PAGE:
On February 19, 2001, the Cleveland Volcano erupted explosively, sending a thick plume of smoke and ash high into the atmosphere that was easily visible to overpassing satellites. Mount Cleveland is a 5,675-foot-tall (1,730 meters) stratovolcano on the west side of Chuginadak Island. Chuginadak is a remote, uninhabited island located roughly in the middle of the chain of Aleutian Islands extending westward from the southwestern coast of Alaska. Mount Cleveland is one of the most active volcanoes in the Aleutian Islands; it erupted last in May 1994. In June of 1944, the volcano erupted while a small number of U.S. soldiers were stationed there, killing one.
In this true-color image acquired on February 19, 2001, by the Moderate-resolution Imaging Spectroradiometer (MODIS), flying aboard NASAs Terra satellite, you can see the column of smoke and ash (brown and grey pixels) blowing eastward (right) and then curving back towards the north (up). In these visible wavelengths, the ash cloud is hard to distinguish from other clouds in the area, and even the snow-covered Aleutian Islands.
However, the MODIS sensor is also sensitive to infrared wavelengths, and these provide a few better ways of seeing the volcanos ash. At mid-infrared wavelengths [3.9µm, bottom left image (cooler and darker pixels are blue, warmer and brighter pixels are red)], MODIS detects both emitted heat and scattered light. The small cluster of red pixels to the lower left of the ash plume is the heat of the magma inside the volcano. The yellow and red pixels in the curving plume itself are from infrared light that was scattered by the ash particles. Clouds and snow are cold, and they do not scatter or reflect light in this wavelength, so they appear dark blue.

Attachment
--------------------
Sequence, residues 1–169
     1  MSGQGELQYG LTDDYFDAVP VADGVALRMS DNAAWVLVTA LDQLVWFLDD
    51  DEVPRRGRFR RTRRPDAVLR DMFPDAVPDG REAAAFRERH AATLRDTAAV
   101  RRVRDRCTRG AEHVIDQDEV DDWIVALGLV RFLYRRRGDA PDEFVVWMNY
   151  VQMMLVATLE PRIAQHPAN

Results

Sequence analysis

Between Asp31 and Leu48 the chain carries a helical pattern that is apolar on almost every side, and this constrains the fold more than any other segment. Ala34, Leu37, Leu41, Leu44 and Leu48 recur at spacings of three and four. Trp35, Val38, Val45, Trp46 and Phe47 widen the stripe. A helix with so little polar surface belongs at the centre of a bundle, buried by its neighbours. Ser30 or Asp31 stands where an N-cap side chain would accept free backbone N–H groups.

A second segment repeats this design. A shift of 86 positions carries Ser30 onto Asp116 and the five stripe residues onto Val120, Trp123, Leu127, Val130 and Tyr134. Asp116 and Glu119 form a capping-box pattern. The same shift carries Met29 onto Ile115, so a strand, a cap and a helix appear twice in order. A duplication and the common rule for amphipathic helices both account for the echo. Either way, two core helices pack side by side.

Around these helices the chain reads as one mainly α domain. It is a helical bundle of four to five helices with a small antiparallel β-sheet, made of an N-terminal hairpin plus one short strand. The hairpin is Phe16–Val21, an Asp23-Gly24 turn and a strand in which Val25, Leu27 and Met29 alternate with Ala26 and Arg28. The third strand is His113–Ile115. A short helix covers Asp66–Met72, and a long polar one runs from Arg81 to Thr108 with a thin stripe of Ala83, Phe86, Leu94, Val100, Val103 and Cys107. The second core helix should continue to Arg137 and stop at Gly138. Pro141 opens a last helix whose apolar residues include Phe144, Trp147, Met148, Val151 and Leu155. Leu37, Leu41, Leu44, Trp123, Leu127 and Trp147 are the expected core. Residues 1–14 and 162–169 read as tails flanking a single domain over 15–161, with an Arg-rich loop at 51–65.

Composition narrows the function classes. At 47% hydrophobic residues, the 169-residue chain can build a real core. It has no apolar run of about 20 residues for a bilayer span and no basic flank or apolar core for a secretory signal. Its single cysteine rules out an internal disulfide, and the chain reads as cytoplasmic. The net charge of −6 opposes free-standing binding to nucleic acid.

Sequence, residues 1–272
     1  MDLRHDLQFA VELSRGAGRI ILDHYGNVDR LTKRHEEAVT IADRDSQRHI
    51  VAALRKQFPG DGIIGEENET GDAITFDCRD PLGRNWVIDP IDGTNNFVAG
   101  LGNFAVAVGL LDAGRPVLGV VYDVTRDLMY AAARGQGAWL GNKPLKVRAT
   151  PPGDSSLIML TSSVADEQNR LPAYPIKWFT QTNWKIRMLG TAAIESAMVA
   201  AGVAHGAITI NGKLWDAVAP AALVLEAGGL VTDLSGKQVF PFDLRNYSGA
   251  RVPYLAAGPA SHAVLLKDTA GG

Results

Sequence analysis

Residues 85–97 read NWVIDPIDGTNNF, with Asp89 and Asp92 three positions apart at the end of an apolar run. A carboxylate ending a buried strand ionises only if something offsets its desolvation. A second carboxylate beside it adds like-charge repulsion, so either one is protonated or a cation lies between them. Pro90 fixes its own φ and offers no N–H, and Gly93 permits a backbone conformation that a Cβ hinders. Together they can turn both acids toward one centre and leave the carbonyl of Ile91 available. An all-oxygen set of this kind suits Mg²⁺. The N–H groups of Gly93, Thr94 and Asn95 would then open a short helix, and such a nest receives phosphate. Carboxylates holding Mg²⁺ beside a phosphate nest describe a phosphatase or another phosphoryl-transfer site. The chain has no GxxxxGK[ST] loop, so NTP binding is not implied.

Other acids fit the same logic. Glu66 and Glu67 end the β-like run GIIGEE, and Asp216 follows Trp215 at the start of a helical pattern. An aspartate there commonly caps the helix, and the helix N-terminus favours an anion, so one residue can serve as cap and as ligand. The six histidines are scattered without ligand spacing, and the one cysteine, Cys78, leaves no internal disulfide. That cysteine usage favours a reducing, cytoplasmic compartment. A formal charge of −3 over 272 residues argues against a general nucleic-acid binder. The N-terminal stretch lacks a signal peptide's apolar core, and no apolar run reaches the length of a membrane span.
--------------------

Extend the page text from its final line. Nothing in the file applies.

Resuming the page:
MODIS also collects data in the thermal infrared wavelengths. The bottom center image shows the eruption at 11µm. Radiation at this wavelength is emitted from the clouds sea, snow, and ashthe warmer the surface, the more radiation it emits. Because this image has been inverted dark pixels (like the volcano itself) are dark, and cold surfaces, like the high-altitude ash and high clouds, are bright. Again, it is hard to distinguish ash from clouds, but the snow-covered mountains of the Aleutians are a bit warmer (and therefore darker) than the clouds and ash bumping up against the stratosphere.
The best view of the ash is created by subtracting the brightness of one thermal infrared wavelength (12µm) from another (11µm), as shown in the bottom right image. The 11µm and 12µm images vary slightly, because the ash radiates at a different intensity than the water vapor in clouds, even though they are both the same temperature. The difference is magnified by subtracting one channel from the other, which results in an image where the ash plume stands out clearly.
Image courtesy Suzanne Wetzel, MODIS Atmosphere Group at the University of Wisconsin-Madison, and Robert Simmon, NASA GSFC